Growing up in small-town Texas, Christie Purifoy yearned for trees. Through her winding years as a newlywed, she and her husband, Jonathan, longed for a physical place to call their own. These days, they tend the ground and the trees (and their four children) near Maplehurst, an old brick farmhouse in southeast Pennsylvania. In her lyrical second memoir, Placemaker, Purifoy traces their family's geographical and spiritual journey, and asks questions about the ways human beings shape, and are shaped by, the places they inhabit.
Purifoy (Roots & Sky) centers each chapter on a different tree: citrus grove, honey locust, Norway maple, saucer magnolia. She tells of building a patio in a grad-student rental in Virginia, and meeting her neighbors in a Chicago apartment building. She draws in anecdotes about the history of each place she's lived, exploring the effects of decisions by city planners, colonists and homeowners on the land and its communities. Through her own experiences and those of others, she asks questions about grief, joy, community, loneliness and the ways placemaking interacts with all of those.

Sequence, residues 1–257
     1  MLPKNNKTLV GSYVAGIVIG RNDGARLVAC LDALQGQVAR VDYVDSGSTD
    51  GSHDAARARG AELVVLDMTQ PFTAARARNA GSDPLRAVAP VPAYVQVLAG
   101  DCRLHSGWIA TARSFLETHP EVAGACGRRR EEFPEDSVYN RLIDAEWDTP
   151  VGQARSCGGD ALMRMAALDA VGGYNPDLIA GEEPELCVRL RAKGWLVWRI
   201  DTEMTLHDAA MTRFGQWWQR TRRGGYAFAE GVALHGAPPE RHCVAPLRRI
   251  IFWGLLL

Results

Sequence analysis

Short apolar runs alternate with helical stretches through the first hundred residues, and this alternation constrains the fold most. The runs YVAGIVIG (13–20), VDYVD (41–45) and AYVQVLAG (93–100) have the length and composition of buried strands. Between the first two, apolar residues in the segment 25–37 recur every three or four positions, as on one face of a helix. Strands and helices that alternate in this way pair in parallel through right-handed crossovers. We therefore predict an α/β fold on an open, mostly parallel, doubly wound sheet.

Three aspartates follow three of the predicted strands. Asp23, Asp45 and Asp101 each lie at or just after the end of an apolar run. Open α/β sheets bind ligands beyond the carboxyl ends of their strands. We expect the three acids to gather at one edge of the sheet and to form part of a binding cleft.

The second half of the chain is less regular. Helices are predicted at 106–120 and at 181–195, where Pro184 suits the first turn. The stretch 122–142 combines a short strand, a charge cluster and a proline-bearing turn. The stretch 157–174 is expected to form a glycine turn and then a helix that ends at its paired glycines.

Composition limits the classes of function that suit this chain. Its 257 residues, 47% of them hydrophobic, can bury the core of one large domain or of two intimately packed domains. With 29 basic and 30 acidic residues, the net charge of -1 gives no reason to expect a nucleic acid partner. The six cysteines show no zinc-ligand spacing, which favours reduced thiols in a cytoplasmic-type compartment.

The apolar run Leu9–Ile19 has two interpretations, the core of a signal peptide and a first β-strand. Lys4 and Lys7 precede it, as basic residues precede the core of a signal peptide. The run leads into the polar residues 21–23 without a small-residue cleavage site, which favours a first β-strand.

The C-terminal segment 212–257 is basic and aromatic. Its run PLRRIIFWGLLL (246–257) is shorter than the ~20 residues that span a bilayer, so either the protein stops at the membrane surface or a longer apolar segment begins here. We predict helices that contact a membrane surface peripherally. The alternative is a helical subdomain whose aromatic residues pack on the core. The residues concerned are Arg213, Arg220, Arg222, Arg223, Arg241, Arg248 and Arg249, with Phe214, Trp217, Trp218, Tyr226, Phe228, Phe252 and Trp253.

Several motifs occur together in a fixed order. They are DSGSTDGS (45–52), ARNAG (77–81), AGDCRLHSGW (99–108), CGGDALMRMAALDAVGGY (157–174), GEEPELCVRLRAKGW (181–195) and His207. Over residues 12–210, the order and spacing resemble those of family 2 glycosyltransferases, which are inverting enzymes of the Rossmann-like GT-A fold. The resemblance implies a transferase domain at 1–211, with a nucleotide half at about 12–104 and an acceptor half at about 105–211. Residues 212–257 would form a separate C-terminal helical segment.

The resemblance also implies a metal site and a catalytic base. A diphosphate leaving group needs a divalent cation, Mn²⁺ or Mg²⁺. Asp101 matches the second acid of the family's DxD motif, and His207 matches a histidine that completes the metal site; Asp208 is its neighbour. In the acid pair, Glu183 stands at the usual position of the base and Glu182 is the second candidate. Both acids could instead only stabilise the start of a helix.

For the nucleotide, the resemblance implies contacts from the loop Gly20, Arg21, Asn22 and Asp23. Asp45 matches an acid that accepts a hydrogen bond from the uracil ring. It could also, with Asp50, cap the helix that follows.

"Placemaking asks that we love a place with all of ourselves," Purifoy writes. But that love is rarely easy, nor does it lead to a guaranteed outcome. Like so much of life, placemaking "offers no protection from the many forms loss can take." Her memoir is a thoughtful meditation on choosing to pay attention to, and invest in, the places we live, and the often surprising rewards of doing so. --Katie Noah Gibson, blogger at Cakes, Tea and Dreams